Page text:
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Market Analysis

Friday, June 29, 2018

   Since June 12, the market has taken about $1 off cash prices. The $1 decline has essentially been the result of declining KC July wheat futures contract prices. On May 25, the KC July contract closed at $5.64. With a minus 25 cent basis, the cash price was $5.39. Cash wheat prices peaked on June 12 at $5.78 with the KC July contact at $5.53 and the basis at a positive 25 cents. Reports indicated the $5.78 was about $1 above the world export wheat price which may have stimulated the $1 decline in cash price.

   The protein premium continues to hold. The 50 cent increase in the basis may be the result of 59 pound plus test weight and 12 percent plus protein wheat. Note that wheat may be forward contracted for 2019 delivery in Dacoma, Oklahoma for the KC July 2019 wheat contract price ($5.40) and a minus 45 cent basis ($4.95 cash). Note: the KC July 2019 wheat contract price ($5.40) is 81 cents higher than the July 2018 wheat contract price ($4.59). The result is a June 2019 price of $4.95 compared to a June 2018 price of $4.84.

   Dry conditions in Russia and Australia are reported to have reduced wheat production expectations. Russia’s 2019 wheat production is projected to be 2.5 billion bushels (bb) compared to 3.1 bb in 2017. Australia’s production is projected to be 880 million bushels (mb) compared to 790 in 2017 and a five-year average of 940 mb. Total wheat production by the major hard wheat exporting countries is projected to be about the same in 2018 as in 2017.

Risk Management Strategies

Friday, June 29, 2018

   With a positive 25-cent basis (July), the market is telling producers to sell wheat now. KC futures contract prices are telling producers to store wheat until later in the year. The July basis may be 50 cents above normal. With 42 cents carry in the futures contracts, producers would be 8 cents ahead to sell wheat now and buy the KC Dec futures contract.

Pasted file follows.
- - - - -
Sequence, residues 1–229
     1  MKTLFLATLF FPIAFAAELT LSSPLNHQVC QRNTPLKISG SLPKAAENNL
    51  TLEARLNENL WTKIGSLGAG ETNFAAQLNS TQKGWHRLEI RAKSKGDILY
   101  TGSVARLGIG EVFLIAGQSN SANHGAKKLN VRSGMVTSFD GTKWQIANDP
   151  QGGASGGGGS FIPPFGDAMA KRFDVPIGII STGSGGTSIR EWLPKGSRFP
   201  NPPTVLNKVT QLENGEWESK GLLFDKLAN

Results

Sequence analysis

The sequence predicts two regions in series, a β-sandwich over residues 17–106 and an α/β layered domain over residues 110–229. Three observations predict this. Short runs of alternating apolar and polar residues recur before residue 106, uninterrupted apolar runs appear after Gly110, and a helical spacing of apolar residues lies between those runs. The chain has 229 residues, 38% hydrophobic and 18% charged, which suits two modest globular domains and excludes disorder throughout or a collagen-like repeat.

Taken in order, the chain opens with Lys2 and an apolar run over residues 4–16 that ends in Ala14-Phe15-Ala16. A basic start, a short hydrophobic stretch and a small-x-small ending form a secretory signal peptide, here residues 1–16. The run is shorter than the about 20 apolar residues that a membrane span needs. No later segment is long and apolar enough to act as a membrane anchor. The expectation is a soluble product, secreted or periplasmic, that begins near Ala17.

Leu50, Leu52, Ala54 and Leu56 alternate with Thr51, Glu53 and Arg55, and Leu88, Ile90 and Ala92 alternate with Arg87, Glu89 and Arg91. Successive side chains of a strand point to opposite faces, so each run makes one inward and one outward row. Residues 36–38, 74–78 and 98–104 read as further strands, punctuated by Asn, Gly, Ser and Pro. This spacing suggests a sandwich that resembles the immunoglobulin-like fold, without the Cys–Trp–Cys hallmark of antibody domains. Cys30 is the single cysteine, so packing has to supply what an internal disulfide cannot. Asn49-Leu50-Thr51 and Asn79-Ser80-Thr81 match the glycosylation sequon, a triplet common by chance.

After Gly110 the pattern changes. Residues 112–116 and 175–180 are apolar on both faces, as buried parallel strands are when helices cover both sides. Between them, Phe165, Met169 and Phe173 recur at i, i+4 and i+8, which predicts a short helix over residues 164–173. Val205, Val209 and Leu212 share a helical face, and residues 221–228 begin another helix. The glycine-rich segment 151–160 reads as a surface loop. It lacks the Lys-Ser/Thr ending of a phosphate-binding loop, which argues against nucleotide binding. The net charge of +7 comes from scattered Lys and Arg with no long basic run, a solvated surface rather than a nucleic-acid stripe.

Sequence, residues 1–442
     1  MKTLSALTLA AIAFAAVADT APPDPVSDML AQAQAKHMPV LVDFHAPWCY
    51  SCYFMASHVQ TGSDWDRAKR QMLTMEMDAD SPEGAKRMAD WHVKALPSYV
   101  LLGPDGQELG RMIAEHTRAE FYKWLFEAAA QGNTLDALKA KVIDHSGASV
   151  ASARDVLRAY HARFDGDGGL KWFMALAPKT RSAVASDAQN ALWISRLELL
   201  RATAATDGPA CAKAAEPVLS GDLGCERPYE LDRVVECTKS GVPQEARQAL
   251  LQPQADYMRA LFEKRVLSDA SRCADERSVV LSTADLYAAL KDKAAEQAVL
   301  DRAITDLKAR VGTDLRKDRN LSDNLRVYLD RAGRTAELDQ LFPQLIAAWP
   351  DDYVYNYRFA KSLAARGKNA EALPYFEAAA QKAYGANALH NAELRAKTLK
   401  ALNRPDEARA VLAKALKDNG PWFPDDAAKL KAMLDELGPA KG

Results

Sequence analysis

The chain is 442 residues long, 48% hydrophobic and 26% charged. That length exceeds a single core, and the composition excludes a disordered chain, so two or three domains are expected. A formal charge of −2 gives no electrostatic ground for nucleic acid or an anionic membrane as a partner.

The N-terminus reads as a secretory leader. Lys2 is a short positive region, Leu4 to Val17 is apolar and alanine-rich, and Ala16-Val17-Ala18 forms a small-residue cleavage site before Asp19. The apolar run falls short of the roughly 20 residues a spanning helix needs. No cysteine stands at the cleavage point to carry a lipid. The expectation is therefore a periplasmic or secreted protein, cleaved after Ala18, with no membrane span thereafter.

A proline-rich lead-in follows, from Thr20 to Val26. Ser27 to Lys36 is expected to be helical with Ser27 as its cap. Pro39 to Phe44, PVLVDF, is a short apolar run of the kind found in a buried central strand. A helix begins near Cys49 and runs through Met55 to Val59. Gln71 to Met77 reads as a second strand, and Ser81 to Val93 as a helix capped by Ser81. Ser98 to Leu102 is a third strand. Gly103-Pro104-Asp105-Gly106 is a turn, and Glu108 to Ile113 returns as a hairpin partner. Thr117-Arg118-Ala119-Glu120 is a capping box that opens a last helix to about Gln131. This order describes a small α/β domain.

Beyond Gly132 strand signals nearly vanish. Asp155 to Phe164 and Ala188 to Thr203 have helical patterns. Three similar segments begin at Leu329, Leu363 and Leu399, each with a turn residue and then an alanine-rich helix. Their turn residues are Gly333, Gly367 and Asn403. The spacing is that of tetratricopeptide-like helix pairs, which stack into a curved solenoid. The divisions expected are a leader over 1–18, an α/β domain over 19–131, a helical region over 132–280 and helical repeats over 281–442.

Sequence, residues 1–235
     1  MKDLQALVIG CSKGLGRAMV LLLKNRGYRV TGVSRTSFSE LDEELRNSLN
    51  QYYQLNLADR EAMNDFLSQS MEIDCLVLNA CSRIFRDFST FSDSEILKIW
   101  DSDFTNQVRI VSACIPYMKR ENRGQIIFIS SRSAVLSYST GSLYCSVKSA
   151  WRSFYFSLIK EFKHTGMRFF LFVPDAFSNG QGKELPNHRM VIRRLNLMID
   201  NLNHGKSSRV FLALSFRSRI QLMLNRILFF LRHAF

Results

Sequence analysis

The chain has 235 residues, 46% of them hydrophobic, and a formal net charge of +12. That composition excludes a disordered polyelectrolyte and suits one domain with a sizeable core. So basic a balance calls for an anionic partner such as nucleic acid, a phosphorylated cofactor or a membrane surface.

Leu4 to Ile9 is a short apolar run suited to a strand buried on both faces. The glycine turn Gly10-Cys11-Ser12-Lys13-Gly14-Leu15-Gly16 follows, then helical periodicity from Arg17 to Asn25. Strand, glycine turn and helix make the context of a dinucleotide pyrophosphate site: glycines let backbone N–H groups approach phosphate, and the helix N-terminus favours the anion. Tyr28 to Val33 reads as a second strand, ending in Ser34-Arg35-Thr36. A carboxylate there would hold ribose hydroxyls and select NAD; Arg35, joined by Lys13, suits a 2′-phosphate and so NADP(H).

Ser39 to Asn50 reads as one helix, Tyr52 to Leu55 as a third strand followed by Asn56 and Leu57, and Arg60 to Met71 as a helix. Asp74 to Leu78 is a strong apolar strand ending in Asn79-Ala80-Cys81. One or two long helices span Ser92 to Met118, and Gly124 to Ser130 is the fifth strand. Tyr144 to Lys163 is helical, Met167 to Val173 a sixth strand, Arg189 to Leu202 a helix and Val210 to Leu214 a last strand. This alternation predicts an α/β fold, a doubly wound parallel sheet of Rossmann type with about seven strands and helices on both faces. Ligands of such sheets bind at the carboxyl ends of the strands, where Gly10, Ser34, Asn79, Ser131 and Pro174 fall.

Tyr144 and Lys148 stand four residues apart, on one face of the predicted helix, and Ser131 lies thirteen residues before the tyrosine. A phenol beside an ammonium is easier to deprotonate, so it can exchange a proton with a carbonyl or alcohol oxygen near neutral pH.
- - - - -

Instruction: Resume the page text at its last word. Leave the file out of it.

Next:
Strategies include selling all wheat now (strong basis). Another strategy is selling the wheat on a basis contract (note that a 20-cent basis on the July '18 contract is a minus 19-cent basis on the KC Dec contract) and pricing it sometime in the future based on changes in the KC Dec contract price. This stops storage cost but the net price received will depend on the KC Dec contract going up or down.

Kim's Soap Box: Is there a way to "beat the system?"

   Date updated: Friday, April 10, 2009 (archives)

   There just has to be a way to know when to sell wheat and when to store it. In reviewing some old files, I found a one-page guide on how to determine which marketing strategy to use at harvest. The strategies included sell cash, hedge, store, and option strategies. The signals were if the basis and/or the KCBT Dec futures price were above or below normal. I collected cash prices, basis and futures prices from 1970 to present and evaluated the signals. The result was that the basis is a relatively good indicator if a storage hedge will work. The futures price was useless as a signal.

   The research is not complete, but my expected conclusion has been published by Carl Zulauf (Ohio State University) and Scott Irwin (University of Illinois), "With few exceptions, the field crop producers who survive will be those who have the lowest cost of production because efforts to improve revenue through better marketing of the commodity produced will meet with limited success over time."..."A good marketing program starts with a good program for managing and controlling the cost of production."